According to the study The Impact of Basic Skills Programs on Canadian Workplaces, 66% of respondents saw reduced error rates in people’s work. Additionally, 85% of respondents saw increases in the quality of people’s work and 73% saw increases in work effort.
An extra year of schooling can raise productivity by between 4.9% and 8.5% in the manufacturing sector, and between 5.9% and 12.7% in the services sector (Canadian Council on Learning, 2007).
According to the Canadian Apprenticeship Forum, on average, a one-dollar investment in training returns a benefit to the employer of $1.38.
Improved workplace safety
The understanding of safety regulations and procedures leads to fewer injuries, which in turn leads to reduced insurance costs and less employee downtime.
In a Conference Board of Canada study, 82% of respondents associated increased health and safety with their workplace’s basic skills program (The Economic Benefits of Improving Literacy Skills in the Workplace, Conference Board of Canada, 2007).
Enhanced workplace efficiencies
Greater understanding of job demands and procedures facilitates communication and enhances workplace efficiencies.
When literacy skills are enhanced, employees are better suited to meet the demands of the job and better prepared to assume greater responsibilities and seek promotion.
More vibrant and engaged workforce
An organization active in offering education and employment opportunities is more likely to retain its employees.
Employees who participate in literacy and essential skills programs increase their level of self-confidence, acquire new skills, are better prepared to seek promotion opportunities, and believe that they are valued by their workplaces.
A Conference Board of Canada report also indicates that employees are more inclined to take ownership of their work, become more effective decision-makers and assume a more engaged and participative role within the organization. Other benefits include enhanced teamwork and improved labour-management relations (The Economic Benefits of Improving Literacy Skills in the Workplace, Conference Board of Canada, 2007).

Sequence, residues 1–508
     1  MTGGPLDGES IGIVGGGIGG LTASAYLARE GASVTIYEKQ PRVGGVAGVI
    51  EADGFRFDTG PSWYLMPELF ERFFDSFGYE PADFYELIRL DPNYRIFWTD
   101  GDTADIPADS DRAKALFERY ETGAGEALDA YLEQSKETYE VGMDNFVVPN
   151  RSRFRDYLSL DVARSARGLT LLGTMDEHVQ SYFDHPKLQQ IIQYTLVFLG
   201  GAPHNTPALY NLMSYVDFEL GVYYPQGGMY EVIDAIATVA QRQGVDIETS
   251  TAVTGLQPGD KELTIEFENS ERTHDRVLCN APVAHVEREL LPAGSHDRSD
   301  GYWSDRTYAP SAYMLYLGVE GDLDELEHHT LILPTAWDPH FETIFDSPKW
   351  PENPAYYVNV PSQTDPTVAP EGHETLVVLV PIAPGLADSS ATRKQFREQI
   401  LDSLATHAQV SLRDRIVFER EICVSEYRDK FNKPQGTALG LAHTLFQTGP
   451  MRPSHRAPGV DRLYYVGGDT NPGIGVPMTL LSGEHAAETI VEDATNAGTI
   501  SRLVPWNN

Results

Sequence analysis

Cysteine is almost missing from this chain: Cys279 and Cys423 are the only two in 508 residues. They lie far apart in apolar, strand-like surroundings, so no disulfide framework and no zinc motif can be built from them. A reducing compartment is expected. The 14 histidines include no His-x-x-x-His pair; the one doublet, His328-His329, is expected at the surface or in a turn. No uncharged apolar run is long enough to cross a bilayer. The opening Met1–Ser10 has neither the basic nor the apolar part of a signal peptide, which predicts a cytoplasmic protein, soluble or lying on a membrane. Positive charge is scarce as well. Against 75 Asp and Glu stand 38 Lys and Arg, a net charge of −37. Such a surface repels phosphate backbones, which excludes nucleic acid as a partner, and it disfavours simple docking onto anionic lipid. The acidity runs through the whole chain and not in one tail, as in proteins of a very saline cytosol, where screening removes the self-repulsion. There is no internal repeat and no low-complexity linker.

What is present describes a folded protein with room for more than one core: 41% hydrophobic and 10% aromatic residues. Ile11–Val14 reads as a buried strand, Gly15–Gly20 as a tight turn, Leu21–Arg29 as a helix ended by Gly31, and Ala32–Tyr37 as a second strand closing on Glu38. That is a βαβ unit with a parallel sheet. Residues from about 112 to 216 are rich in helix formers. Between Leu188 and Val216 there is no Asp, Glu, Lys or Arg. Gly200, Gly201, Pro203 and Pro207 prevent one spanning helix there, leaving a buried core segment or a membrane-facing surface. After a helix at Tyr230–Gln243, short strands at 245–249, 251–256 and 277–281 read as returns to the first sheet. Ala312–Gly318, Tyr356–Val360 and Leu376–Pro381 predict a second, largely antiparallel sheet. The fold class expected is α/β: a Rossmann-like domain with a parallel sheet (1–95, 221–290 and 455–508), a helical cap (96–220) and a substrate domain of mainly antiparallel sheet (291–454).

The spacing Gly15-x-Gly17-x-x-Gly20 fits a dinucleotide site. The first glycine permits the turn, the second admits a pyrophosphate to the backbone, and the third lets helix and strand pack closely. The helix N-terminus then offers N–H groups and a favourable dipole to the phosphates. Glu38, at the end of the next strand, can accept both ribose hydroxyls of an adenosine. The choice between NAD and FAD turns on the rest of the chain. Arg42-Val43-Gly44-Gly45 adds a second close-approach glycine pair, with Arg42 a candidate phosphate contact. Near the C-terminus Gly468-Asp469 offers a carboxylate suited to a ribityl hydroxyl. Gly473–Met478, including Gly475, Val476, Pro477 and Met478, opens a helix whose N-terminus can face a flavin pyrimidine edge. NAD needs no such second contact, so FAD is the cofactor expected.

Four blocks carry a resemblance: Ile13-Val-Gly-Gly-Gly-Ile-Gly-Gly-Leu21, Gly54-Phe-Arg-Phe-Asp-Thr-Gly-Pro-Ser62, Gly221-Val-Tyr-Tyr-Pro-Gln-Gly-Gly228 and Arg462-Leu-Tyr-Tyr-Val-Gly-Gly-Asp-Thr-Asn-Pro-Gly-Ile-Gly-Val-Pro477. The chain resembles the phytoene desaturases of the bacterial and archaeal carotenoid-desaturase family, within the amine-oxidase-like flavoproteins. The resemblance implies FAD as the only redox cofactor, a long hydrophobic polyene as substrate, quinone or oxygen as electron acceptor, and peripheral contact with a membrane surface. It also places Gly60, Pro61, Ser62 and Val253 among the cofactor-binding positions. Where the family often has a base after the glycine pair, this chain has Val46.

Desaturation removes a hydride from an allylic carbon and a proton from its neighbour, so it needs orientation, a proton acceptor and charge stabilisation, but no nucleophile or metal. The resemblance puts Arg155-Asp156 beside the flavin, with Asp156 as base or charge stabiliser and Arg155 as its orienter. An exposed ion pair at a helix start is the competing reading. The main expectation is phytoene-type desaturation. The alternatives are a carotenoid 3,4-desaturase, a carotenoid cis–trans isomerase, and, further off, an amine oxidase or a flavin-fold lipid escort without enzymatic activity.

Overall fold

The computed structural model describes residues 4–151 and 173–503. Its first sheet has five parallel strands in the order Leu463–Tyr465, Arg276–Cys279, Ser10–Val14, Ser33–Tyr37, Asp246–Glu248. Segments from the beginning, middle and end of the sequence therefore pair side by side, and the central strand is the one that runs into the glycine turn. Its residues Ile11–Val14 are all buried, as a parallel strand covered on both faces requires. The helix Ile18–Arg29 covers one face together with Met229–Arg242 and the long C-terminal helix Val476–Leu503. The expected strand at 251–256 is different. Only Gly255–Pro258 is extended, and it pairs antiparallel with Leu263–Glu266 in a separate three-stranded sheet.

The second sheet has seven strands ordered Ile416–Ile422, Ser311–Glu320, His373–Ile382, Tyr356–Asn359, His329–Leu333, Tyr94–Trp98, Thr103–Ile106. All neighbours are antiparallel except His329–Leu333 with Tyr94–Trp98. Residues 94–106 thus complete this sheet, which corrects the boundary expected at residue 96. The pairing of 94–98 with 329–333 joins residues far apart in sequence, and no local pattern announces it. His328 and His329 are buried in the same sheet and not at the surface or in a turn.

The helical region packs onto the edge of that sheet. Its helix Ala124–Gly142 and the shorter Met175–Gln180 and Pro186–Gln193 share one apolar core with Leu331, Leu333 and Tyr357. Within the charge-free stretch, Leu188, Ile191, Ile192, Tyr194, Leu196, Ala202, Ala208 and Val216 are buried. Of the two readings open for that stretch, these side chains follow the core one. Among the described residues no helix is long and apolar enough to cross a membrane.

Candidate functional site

More competent use of technology
In a Conference Board of Canada study, 87% of respondents said that programs impact positively on participants’ ability to use workplace-based technology (The Economic Benefits of Improving Literacy Skills in the Workplace, Conference Board of Canada, 2007).
Bolstered Canadian economy
A more literate workforce boosts productivity: The C. D. Howe Institute reports that a 1% rise in a country’s literacy level, relative to the international average, is associated with an eventual 2.5% rise in labour productivity and a 1.5% rise in the per capita Gross Domestic Product (GDP). This 1% increase in literacy rates would boost the national income by as much as $32 billion (Public Investment in Skills: Are Canadian Governments Doing Enough?, Serge Coulombe and Jean-François Tremblay, C.D. Howe Institute, 2005 and Canadian Labour Congress, 2007).
Differences in average adult literacy levels explain as much as 55% of long-term differences in the long-term growth rate of GDP per capita as well as productivity growth at the national and international level. (The International Survey of Reading Skills (ISRS), 2008).
Enhanced literacy skills prepare employees for managerial and technological changes in the workplace, and position the company for greater competitiveness.
Enlarged employment opportunities
Greater literacy and numeracy skills improve chances of individuals finding work and attaining promotions on the job.